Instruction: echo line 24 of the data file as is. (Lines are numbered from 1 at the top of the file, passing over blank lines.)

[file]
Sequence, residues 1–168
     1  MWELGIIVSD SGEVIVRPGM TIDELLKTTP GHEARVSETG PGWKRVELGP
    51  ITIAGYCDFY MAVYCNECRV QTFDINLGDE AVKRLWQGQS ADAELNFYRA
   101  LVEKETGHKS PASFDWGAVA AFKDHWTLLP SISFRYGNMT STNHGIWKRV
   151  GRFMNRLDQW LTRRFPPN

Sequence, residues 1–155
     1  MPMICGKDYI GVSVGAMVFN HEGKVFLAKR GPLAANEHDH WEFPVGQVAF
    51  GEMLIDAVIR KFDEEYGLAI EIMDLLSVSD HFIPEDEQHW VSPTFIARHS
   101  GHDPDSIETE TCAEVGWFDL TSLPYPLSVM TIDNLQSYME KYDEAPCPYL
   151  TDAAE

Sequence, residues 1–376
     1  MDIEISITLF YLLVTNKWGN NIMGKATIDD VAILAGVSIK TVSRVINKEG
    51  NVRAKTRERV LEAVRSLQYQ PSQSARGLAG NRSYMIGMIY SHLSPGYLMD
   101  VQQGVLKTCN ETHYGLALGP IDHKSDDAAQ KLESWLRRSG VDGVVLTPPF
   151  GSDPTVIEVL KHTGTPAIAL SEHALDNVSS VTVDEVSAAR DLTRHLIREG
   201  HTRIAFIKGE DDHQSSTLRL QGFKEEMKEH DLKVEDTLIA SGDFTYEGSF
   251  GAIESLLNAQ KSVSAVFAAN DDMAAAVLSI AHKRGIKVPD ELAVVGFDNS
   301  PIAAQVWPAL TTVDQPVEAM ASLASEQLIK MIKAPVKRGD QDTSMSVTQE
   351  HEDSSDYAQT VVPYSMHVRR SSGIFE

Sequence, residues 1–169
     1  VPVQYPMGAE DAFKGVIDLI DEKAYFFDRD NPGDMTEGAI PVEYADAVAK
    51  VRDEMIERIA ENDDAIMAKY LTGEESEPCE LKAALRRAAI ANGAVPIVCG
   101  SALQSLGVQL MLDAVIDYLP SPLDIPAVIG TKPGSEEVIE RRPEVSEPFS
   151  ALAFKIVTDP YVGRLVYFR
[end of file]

   151  ALAFKIVTDP YVGRLVYFR